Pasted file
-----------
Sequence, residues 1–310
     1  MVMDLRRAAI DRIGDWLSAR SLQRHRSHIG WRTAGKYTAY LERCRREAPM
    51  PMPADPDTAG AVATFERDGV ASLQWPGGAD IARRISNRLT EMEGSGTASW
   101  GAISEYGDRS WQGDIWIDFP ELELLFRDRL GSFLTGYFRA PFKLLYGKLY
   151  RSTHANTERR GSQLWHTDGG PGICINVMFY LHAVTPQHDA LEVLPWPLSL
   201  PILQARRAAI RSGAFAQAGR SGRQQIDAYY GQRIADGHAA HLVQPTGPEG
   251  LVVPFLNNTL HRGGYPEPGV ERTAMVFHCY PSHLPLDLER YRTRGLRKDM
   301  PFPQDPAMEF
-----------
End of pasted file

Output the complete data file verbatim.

Sequence, residues 1–310
     1  MVMDLRRAAI DRIGDWLSAR SLQRHRSHIG WRTAGKYTAY LERCRREAPM
    51  PMPADPDTAG AVATFERDGV ASLQWPGGAD IARRISNRLT EMEGSGTASW
   101  GAISEYGDRS WQGDIWIDFP ELELLFRDRL GSFLTGYFRA PFKLLYGKLY
   151  RSTHANTERR GSQLWHTDGG PGICINVMFY LHAVTPQHDA LEVLPWPLSL
   201  PILQARRAAI RSGAFAQAGR SGRQQIDAYY GQRIADGHAA HLVQPTGPEG
   251  LVVPFLNNTL HRGGYPEPGV ERTAMVFHCY PSHLPLDLER YRTRGLRKDM
   301  PFPQDPAMEF